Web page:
Has Media Addiction Become A Serious Issue for Families

With an infinite amount of data at our fingertips, it can be difficult to stay off the devices that serve as a gateway to virtually unlimited information and entertainment. Many acknowledge the problem of tech, cellphone and media addiction, and even cellphone companies have gotten in on the act to address the problem.

In fact, Apple has designed a ‘Families’ website to inform parents about their children’s phone usage, keep them safe and help curb tech addiction so that the “technologies that were designed to bring us together” don’t tear families apart, reports Mashable.

Dr. Paul Chappell is the author of Making Home Work in a Broken Society,” where he explores Bible principles for raising children and building families. Our broken society, Chappell says, celebrates sin and minimizes family relationships, so is it possible for Christian parents in today’s society to raise emotionally healthy kids who love God and are equipped to do God’s will for their lives?

Yes. Emphatically, yes.

“God has entrusted parents to care for and raise their children for Him, and He has given parents the resources they need for the job,” says Chappell, who has served as senior pastor of Lancaster Baptist Church for the past 31 years and is also the president of West Coast Baptist College. “Specifically, He has given parents His Word to guide and His grace to enable. That doesn’t mean it will be easy or that it will happen on autopilot. It isn’t, and it won’t.”

Chappell addresses tech addiction in the chapter of “Making Home Work” titled, “Taming the Media Monster.”

“One of the great dangers of technology is its addictive properties—strongholds, as the Bible refers to them,” Chappell writes. “But acknowledging that this can be a problem isn’t enough. So how can we help our children overcome media addictions?”

Chappell offers these suggestions:

  1. Check your own use. When you are held hostage by Facebook or television for hours at a time, it’s difficult to insist that your teenager take a break from gaming.
  2. Be aware. One of the burdens on today’s stressed, overworked parents is fatigue. It’s tough to stay involved in your child’s media. It’s easy to let him go to his room and play video games. But do you know what game he is playing? Do you know who he is playing it with? Don’t be too tired to protect your child.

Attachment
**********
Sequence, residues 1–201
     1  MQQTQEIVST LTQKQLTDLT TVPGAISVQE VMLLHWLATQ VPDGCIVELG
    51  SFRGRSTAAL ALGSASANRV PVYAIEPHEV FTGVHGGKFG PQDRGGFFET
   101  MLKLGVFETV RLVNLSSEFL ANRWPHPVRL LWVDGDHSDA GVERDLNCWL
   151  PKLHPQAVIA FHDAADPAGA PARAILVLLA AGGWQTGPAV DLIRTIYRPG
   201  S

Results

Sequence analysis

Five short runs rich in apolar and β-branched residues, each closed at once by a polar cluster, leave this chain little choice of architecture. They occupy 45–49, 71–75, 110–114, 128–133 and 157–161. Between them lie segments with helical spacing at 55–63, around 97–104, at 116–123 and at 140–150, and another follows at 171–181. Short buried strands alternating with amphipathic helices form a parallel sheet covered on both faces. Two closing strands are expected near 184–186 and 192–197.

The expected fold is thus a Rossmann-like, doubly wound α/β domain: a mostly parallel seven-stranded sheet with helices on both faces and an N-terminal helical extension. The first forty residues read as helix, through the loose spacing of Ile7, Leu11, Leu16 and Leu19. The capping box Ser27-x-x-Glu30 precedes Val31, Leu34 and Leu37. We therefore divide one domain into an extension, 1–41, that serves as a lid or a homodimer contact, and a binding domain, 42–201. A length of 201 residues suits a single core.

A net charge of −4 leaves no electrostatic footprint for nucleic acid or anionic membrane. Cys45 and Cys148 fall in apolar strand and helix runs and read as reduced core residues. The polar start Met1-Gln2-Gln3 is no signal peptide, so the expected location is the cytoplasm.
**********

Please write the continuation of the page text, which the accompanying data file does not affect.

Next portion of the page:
3. Discuss the dangers with your child. This is especially important for older children. Make a list together of some of the dangers of being addicted to the smartphone, tablet, texting, social media and gaming. These dangers, Chappell notes, include: disrupting relationships with friends and family; destroying dreams and goals to do God’s will; disrupting sleep; jeopardizing school, work and employment; affecting mental and physical health; hindering normal life progression; and creating “digital dementia”—overstimulation of the brain that affects cognitive thinking, memory and attention span.
  4. Set boundaries. Your child is not likely to be mature enough to appreciate the safety of the boundaries you set or to understand thoroughly the dangers of crossing them. And she is likely to test them, push against them and repeatedly ask you to reconsider them once they are set. That’s OK. Set and hold boundaries anyway. You are the parent, and it is your responsibility to set up the guard rail in front of the rim of the canyon.

“Media addictions are serious,” Chappell adds. “In addition to the physical, emotional or relational reasons we might cite, the incessant notifications and constant compulsion to ‘check Facebook quick’ can be invasions interrupting the Holy Spirit’s work in our lives. Don’t allow the media monster to take control of your child’s life.”

The truths presented in “Making Home Work” are not parenting hacks or tricks to have well-behaved kids, Chappell says. They are principles studied from God’s Word and applied to the challenging topics and multifaceted responsibilities today’s parents face so they can discover what it means to invest in children and bring them up in the nurture and admonition of the Lord.

Chappell and his wife of 37 years, Terrie, are also the authors of the new travel-themed marriage guide Are We There Yet? Marriage—a Perfect Journey for Imperfect Couples,” which contains truth for husbands that will help them clarify their destination, communicate their needs and grow as a couple.

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